I assume the assault weapon banners are somewhat terrified by this weapon due to the pistol grip. But would the lack of a flash suppressor, bayonet lug and grenade launcher mount give them peace of mind if a fellow were brandishing this in a movie theatre? (FWIW, yesterday we posted pics of the benign Ruger Mini 14 Ranch Rifle and the terrifying Ruger Mini 14 Tactical Rifle and we have the same question - which one would you rather see in the hands of an assailant, and why?)
For my money the issue is the detachable magazine. Quick reloading helps people in a home defense situation but it also helps crazed killers.
[Jacob Sullum of Reason has more, including this from a Banner:
An effective law will focus on one prime feature—the ability to accept a high-capacity magazine.
Mr. Sullum explains the problems with that.]
As to whether banning magazines that hold more than ten rounds will be enforceable or effective, well, I assume it will reduce ownership among law-abiding citizens. However, there are millions of larger magazines already in existence, and we are talking about metal boxes with springs - the criminal world that brings us heroin refined from opium, chrystal meth refined from Sudafed, and car parts chopped from live cars can probably make as many bootleg ammunition magazines as they can sell.
Fortunately, rifles are rarely used in homicides, so a magazine ban probably wouldn't provide a statistical blip, effective or otherwise.
ERRATA: Obama is also hoping to remove armor piecring bullets from the market. If I routinely wore a bullet proof vest I would surely back such a move. But one might argue that, paradoxically, folks without vests are MUCH better off getting shot with armor piercing bullets that will pass right through them. Then again, if the police are safer, maybe we will all be safer...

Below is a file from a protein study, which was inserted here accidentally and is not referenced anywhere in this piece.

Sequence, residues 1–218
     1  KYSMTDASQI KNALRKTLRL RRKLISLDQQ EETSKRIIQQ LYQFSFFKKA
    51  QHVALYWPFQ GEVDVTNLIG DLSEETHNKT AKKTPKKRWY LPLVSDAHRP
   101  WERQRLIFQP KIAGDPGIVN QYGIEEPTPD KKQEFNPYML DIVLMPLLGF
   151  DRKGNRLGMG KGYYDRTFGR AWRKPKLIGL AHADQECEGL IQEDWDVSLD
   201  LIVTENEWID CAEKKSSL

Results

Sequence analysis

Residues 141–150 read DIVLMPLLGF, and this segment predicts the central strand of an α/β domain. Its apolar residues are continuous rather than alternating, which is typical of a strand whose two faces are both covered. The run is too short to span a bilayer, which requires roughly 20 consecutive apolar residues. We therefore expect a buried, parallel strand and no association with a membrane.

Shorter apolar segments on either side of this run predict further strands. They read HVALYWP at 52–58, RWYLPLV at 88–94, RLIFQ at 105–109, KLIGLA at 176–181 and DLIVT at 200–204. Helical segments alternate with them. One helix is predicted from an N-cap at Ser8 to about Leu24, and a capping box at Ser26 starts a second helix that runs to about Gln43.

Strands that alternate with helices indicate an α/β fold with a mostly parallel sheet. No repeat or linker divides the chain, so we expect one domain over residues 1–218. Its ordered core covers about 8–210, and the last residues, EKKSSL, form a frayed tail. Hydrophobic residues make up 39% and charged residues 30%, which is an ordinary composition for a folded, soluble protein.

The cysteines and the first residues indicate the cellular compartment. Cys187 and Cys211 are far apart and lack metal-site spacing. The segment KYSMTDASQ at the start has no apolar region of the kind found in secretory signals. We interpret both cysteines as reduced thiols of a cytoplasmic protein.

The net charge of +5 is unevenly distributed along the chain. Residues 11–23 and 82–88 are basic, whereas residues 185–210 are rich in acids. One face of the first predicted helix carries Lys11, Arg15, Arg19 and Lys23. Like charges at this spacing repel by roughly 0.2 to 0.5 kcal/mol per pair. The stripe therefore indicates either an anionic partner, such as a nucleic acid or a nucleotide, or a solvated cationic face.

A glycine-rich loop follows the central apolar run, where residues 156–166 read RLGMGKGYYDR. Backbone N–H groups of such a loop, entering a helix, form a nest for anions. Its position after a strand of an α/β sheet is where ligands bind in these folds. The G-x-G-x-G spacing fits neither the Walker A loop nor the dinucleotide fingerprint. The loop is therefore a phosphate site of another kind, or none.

DON'T KNOW MUCH ABOUT HISTORY... The Times tells us that the politics of the phrase "assault weapon" has changed.
The label, applied to a group of firearms sold on the civilian market, has become so politicized in recent decades that where people stand on the gun issue can often be deduced by whether they use the term.
But Second Amendment groups — and many firearm owners — heatedly object to the use of “assault weapon” to describe guns that they say are routinely used in target shooting and hunting. The term, they argue, should be used only for firearms capable of full automatic fire, like those employed by law enforcement and the military. They prefer the term “tactical rifle” or “modern sporting rifle” for the semiautomatic civilian versions.
Yet as Mr. Peterson noted in his buyer’s guide, it was the industry that adopted the term “assault weapon” to describe some types of semiautomatic firearms marketed to civilians.
“Assault rifle” was first used to describe a military weapon, the Sturmgewehr, produced by the Germans in World War II. The Sturmgewehr — literally “storm rifle,” a name chosen by Adolf Hitler — was capable of both semiautomatic and full-automatic fire. It was the progenitor for many modern military rifles.
But the term “assault rifle” was expanded and broadened when gun manufacturers began to sell firearms modeled after the new military rifles to civilians. In 1984, Guns & Ammo advertised a book called “Assault Firearms,” which it said was “full of the hottest hardware available today.”
“The popularly held idea that the term ‘assault weapon’ originated with antigun activists, media or politicians is wrong,” Mr. Peterson wrote. “The term was first adopted by the manufacturers, wholesalers, importers and dealers in the American firearms industry to stimulate sales of certain firearms that did not have an appearance that was familiar to many firearm owners. The manufacturers and gun writers of the day needed a catchy name to identify this new type of gun.”
So the NRA has abandoned Hitler's rhetoric but the assault banners have adopted it. Hmm, we are close to a Godwin's Law issue here.